Even though in the latter (overriding my psyche’s basic assumption) the imprisons self is still skillful enough to prove its innocence in many cases, but at least my soul will have some homework to do, and there is a chance to win, while simultaneously throughout this struggle my sound reason will gradually develop, whether it wins or loses. However, in the former (not overriding my psyche’s basic assumption), my imperious self has nothing to be worried about at all, hence, it will achieve its goal with maximum efficiency, at no cost of its own, but to the deferment of my soul.

  3. pzlz Oct 22, 2021 4:36 pm 3

    The article had me until the mayo analogy. After that I was lost. Why do I need to know the ingredients of mayo at molecular level? All I need is to know in which food/salad I should use it and how much. In the same manner, evolutionary, we are designed not to have high-resolution on anything to be able to function in the society. Why is it different for spirituality?

  4. HSH Oct 22, 2021 5:45 pm 4

    With thanks for such a great subject which made me think. Now, is there any way to somehow recognize where we are in the range between truly human and bonobo human?

  5. Naghme Oct 23, 2021 4:01 am 5

    Thanks for this amazing article. I’m practicing to identify the bonobo in me. I’ve read a bioscience animal brain research article where they said the sense of right and wrong is not unique to humans. Chimpanzees also discriminate in terms of deciding what behavior is inappropriate, especially when it affects young and baby chimpanzees. In a study carried out at the University of Zurich and which was published in the journal Human Nature, it became evident that if a chimps scenes of a baby being harmed or killed by another member of its own species, it reacts with indignation and anger, something which does not happen in cases of violence among adult monkeys. The study indicates that these primates have a sense of morality that is similar to that of human animal.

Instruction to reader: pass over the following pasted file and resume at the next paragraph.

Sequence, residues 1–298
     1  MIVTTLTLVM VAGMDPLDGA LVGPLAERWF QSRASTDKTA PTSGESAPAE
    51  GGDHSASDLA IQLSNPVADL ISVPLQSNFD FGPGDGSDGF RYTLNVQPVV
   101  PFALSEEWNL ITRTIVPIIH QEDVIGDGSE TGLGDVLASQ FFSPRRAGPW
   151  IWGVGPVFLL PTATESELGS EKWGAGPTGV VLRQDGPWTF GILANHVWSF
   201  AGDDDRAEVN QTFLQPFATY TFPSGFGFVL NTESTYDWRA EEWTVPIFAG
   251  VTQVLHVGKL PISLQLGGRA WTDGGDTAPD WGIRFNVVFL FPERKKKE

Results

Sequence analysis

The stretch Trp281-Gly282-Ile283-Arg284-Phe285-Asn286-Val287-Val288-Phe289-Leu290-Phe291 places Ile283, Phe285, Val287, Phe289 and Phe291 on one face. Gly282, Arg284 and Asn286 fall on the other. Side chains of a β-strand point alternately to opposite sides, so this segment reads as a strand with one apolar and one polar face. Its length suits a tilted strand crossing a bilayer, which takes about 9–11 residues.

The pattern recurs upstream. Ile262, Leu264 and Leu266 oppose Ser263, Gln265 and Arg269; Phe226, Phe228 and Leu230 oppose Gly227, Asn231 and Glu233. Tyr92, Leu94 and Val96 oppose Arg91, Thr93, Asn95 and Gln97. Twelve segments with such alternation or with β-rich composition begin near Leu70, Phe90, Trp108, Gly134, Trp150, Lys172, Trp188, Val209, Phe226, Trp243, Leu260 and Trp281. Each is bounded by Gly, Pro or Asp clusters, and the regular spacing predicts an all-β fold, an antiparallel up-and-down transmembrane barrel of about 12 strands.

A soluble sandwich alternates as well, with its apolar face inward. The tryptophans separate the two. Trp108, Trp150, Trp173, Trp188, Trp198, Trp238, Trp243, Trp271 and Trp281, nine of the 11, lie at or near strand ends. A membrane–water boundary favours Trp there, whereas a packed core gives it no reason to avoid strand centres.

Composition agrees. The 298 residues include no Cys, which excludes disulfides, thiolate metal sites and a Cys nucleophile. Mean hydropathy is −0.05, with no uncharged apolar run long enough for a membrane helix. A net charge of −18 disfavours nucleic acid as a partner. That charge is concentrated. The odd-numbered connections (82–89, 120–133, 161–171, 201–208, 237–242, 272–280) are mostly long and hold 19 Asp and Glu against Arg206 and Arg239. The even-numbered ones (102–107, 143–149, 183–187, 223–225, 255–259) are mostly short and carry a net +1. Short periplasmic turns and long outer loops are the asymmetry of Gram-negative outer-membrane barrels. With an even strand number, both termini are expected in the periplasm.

1. kbld Oct 26, 2021 9:16 pm 5.1

      Dear Naghme,
      I think the Bob story precisely implies the opposite.
      If you see the diagrams of Bahram Elahi, animals are pure ego, totally act with their instinct and don’t have a sense of right or wrong in the same way humans do (1+1=3 is “wrong” – meaning false –, and animals have a similar instinct that we can call “discerning what’s wrong”, but this is different from understanding that stealing is “wrong” – meaning contrary the laws set by the One). Most current scientists don’t believe in the fundamental difference between humans and (other) animals and it creates a series of false assumptions.
      The humanization of animals is often used to lower the status of humans and to totally animalize them by saying, in particular, that true altruism does not exist. This article is based on the idea that the soul exists (with a celestial part), and coming from it altruism (in humans), but indeed, if we don’t pay attention, it’s like other animals.